One of the common complaints of some homeworkers is isolation, but a new social networking site is starting up to link up homeworkers, freelancers and those running their business from home and allow them to support each other, socialise when they want to and swap services and advice.
IHubbub went live in December, but will be officially launched in March.
It provides forums for people to talk about issues that affect them and offer their services to other members who may have expertise in another area that they can provide in return. For instance, a website designer may be able to design a marketing manager's site in return for a marketing person designing a brochure for them.
The idea for the site came from Paula Wynne, author of two books on creating a website and using social media, and her partner Ken Sheridan. Both are veterans of homeworking, having set up a remote working site several years ago. Paula has also worked from home for many years as a freelance PR expert until she got divorced and, as a single mum to her son, now aged 22, she needed the security of regular employment. Ken's background is in brand management. “He has all the corporate expertise and I have the freelance knowledge so we complement each other perfectly,” says Paula.
She is cutting down on her PR work now to focus her energies on iHubbub. She and Ken thought of the idea for the site several years ago and, while she was researching it, Paula found that there were no books which gave a step by step guide to how to set up your own business website in a way that meant you didn't have to outsource for things like search engine optimisation. She put together a book proposal, took it to the London Book Fair and was commissioned to write Create a Successful Website. Pimp my Site, which is about using social media, was published last year.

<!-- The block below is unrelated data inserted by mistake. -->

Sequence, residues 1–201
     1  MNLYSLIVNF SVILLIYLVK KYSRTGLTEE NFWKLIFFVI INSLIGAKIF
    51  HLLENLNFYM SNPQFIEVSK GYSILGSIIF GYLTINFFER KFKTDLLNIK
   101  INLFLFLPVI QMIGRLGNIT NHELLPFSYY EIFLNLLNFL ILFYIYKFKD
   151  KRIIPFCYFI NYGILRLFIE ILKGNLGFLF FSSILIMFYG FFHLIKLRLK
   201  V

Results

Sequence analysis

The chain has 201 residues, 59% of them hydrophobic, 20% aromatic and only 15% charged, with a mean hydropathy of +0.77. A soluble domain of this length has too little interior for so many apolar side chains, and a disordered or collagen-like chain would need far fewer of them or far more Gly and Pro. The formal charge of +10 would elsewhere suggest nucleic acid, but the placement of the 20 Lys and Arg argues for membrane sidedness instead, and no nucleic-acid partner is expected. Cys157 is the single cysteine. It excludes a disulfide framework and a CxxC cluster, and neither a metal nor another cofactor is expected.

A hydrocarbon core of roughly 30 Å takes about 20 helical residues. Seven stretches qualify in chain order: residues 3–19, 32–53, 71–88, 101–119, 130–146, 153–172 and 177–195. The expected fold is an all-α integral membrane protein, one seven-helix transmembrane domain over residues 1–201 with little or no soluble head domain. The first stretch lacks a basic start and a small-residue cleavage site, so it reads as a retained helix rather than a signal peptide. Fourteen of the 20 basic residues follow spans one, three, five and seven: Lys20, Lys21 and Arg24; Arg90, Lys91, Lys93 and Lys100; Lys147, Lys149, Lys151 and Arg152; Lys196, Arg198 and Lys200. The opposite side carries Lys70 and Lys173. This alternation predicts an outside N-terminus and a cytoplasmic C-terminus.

The plans for iHubbub went on hold for a while after Paula suffered complications following a minor operation on her shoulder and had to have it reconstructed with metal plates. She says she was in such pain that she couldn't sleep and was put on sleeping pills. However, she became addicted and eventually managed to wean herself off sleeping pills and onto painkillers. “It was an awful time,” she says. “I was not functioning at my full capacity as I wasn't sleeping.”
During this time she was made redundant and won a competition to have a business mentor. She worked with the mentor, entrepreneur Karen Darby, on iHubbub. She describes it as “an ecosystem for homeworking” and says she spent a lot of time researching what homeworkers wanted.
The site has also been building partnerships with businesses such as T-Mobile and is hoping to lobby big companies to be champions of home start-ups by making new home office equipment available to them at an affordable price.
Paula says a lot of homeworkers love the lifestyle of working from home as it allows them to fit work around their caring responsibilities or, in the case of disabled homeworkers, to access work more easily. However, she says many cannot afford to go freelance or set up their own business full-time and have to manage building it around doing another flexible job.
She sees this as a big growth area, particularly with all the technological advancements which make it possible to work from home with just a laptop, a broadband connection and a mobile phone, plus plenty of passion and energy. “We want to help these people to grow their businesses and we realise that, as a start-up, it can be expensive to get PR, marketing and other expertise. The aim of our site is to encourage people to swap skills and services. They can also sell their products,” says Paula.
The tone of the site is “family like” and fun in keeping with family-centred home businesses. Plans for future developments on the site include training webinars on issues such as how to use social media to promote your business and giving greater access for small companies to the bigger brands.